It took seven years and two trips to the appellate court for Vernetta Cockerham to receive justice. About 45 supporters wearing puple and white ribbons came to the preliminary hearing at the Yadkin County, NC court house on Monday to support her. It must have intimidated the Jonesville, North Carolina police department because they offered her $430,000 to settle the case. Bravo, Vernetta! Bravo!
Vernetta’s landmark case holds police accountable for failing to enforce orders of protection. Her attorney, Harvey Kennedy, said:
We hope the impact of this case will be to ensure in the future that law-enforcement officers will take domestic-violence protective orders seriously and enforce those orders.
My own cynical sense about orders of protection is that they give police a short list of suspects after a murder. Rita Anita Linger, the executive director of the North Carolina Coalition Against DV, was at Vernetta’s side when the settlement was announced. If you click here, you can get her perspective on orders of protection as a survivor and as an advocate.
Lee Ann Brennan, one of Vernetta’s survivor-supporters in the court room, said:
Thank God ~ this is good news. Hopefully police will be held accountable now. Often times they do not take the victim seriously. They blow them off thinking they are going to back [to their partner] anyway. [The Jonesville Police Department] really let her down. This verdict is wonderful.
Amen, Lee Ann.
The police department still doesn’t admit they were wrong. During the court proceeding on Monday, one of their attorneys had the audacity to suggest it was Vernetta’s fault her daughter was brutally murdered because she picked the wrong man to marry!
This arrogance didn’t surprise me because the Jonesville Police Department tried to evade responsibility twice. First, they appealed the denial of their motion to dismiss Vernetta’s case by asserting the public duty doctrine. The appellate court didn’t buy their arguments because the police officers witnessed two violations of the protection order, but failed to arrest her estranged husband Richard Ellerbee. The opinion gives an excellent narration Vernetta’s story.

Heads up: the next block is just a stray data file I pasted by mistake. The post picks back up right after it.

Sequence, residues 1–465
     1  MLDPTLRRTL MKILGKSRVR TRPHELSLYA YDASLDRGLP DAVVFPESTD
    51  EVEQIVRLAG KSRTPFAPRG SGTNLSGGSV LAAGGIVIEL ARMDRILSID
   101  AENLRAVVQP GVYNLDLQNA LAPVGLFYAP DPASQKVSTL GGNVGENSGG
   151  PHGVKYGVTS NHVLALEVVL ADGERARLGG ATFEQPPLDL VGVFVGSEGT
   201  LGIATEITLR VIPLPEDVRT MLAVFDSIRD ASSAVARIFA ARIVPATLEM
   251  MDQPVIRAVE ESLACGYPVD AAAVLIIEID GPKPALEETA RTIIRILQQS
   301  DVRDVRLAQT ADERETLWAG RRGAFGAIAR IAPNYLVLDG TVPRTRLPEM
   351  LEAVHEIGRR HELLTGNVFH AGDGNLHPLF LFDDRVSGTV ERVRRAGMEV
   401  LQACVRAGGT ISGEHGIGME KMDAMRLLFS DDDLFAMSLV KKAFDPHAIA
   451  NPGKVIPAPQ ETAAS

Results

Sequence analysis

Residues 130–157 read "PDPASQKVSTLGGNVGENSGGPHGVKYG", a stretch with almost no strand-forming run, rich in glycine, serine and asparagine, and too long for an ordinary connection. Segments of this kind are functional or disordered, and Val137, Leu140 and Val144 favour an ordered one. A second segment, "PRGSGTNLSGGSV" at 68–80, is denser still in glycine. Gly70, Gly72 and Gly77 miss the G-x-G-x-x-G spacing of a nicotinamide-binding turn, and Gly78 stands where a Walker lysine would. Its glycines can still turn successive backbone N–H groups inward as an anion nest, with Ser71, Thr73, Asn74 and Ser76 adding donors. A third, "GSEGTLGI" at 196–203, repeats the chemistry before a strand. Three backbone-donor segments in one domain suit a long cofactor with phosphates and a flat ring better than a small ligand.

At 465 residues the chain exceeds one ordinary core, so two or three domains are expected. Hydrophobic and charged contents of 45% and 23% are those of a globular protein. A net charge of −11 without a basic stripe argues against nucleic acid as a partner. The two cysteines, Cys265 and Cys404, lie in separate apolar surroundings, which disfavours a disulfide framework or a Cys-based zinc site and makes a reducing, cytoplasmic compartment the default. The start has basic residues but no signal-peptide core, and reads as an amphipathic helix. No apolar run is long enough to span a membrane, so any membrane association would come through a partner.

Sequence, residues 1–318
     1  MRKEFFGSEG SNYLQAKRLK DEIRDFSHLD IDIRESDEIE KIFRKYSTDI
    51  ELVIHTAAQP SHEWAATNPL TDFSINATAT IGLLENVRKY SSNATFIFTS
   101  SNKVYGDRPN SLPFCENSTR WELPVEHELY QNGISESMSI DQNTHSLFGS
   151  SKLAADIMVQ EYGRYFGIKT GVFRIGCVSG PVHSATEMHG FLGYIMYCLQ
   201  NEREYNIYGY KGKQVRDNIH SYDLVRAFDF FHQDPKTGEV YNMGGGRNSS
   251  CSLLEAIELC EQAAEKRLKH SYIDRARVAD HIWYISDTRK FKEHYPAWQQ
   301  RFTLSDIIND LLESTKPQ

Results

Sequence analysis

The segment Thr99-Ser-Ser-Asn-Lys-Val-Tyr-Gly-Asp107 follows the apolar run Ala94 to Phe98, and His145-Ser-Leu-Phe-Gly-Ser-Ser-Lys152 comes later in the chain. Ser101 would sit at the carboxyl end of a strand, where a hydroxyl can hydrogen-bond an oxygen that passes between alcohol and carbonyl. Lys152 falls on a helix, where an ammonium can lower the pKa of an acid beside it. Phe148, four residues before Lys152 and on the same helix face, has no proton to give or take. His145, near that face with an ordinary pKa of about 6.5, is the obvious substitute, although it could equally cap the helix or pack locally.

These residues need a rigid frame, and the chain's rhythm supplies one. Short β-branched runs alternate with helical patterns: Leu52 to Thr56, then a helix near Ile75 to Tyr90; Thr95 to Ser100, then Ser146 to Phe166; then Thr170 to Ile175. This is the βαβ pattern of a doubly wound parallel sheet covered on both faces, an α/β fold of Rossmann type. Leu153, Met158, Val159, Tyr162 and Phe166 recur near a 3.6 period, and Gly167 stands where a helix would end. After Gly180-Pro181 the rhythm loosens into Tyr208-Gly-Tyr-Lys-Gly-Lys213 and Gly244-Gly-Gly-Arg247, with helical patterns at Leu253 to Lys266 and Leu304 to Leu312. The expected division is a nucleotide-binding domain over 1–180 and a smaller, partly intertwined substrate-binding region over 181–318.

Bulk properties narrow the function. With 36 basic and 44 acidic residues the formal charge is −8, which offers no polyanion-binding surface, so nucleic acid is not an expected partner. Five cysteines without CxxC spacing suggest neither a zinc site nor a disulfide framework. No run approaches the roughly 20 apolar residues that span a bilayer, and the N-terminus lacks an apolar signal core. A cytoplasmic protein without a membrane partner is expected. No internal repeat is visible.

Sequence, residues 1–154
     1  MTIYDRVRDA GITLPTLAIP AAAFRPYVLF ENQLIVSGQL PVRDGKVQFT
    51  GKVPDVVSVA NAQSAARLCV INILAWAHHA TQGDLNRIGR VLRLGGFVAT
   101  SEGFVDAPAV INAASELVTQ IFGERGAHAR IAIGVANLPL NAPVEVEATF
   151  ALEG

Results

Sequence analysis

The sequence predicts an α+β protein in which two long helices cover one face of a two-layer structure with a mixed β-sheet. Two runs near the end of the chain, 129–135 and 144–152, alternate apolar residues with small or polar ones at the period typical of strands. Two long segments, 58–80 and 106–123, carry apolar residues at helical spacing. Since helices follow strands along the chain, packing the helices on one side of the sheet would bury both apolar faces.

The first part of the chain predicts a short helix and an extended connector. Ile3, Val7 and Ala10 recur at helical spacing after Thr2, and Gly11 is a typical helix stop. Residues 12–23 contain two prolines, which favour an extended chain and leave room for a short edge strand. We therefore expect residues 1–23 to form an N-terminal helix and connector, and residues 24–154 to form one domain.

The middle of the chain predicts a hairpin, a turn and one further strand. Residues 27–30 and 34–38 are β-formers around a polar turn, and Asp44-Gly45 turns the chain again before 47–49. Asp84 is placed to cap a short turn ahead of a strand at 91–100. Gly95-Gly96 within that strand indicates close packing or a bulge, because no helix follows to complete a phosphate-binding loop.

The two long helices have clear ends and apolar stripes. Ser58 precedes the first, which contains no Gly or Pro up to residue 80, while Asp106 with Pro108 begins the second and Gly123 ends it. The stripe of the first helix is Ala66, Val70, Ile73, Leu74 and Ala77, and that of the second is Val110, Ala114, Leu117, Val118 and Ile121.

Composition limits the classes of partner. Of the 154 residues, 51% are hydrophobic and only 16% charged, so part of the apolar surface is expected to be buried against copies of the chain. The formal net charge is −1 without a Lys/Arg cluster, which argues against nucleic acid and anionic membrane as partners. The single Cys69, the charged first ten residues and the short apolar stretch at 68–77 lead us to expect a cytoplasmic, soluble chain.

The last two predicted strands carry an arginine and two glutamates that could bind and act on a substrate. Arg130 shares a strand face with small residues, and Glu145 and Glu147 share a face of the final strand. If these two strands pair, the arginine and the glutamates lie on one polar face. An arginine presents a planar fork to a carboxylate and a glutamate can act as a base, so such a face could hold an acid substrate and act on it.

Then, they tried to block Vernetta’s case by filing a motion for summary judgment. The appellate court kicked the police department to the curb:
Defendants [the police department and two officers] knew that Mr. Ellerbee had acted violently against Ms. Cockerham-Ellerbee in the past, that he continud to make threats against her, that she had an enforceable domestic violence protection order against him, and that she was actively seeking its enforcement against him.
According to Ms. Cockerham-Ellerbee, she gave the police Mr. Ellerbee’s home and work addresses and also pointed him out to Officer Vestal and Detective Gwyn while he was in the middle of violating the terms of the protective order. . .officers responded by promising to arrest him and then leaving. . .sense of security that they would be safe; failing to act on that promise unquestionably placed them in extreme danger ~ danger of which the police had been made aware ~ and reflected a reckless disregard for their rights. . .
Ms. Cockerham-Ellerbee has alleged facts that would consittute willful and wanton conduct if true.
I want to give a special shout-out to the law firm of Kennedy, Kennedy, Kennedy, & Kennedy for standing by Vernetta all these years and representing her brilliantly.
Vernetta plans to take some time to decompress and grieve. Then, she plans to become a domestic violence activist.
Her courage to pursue this landmark case is a wake-up call to police forces around the country. She persevered in spite of insurmountable obstacles. Her case proves what we can accomplish when we all stick together.
Her story is slated for the August issue of O Magazine.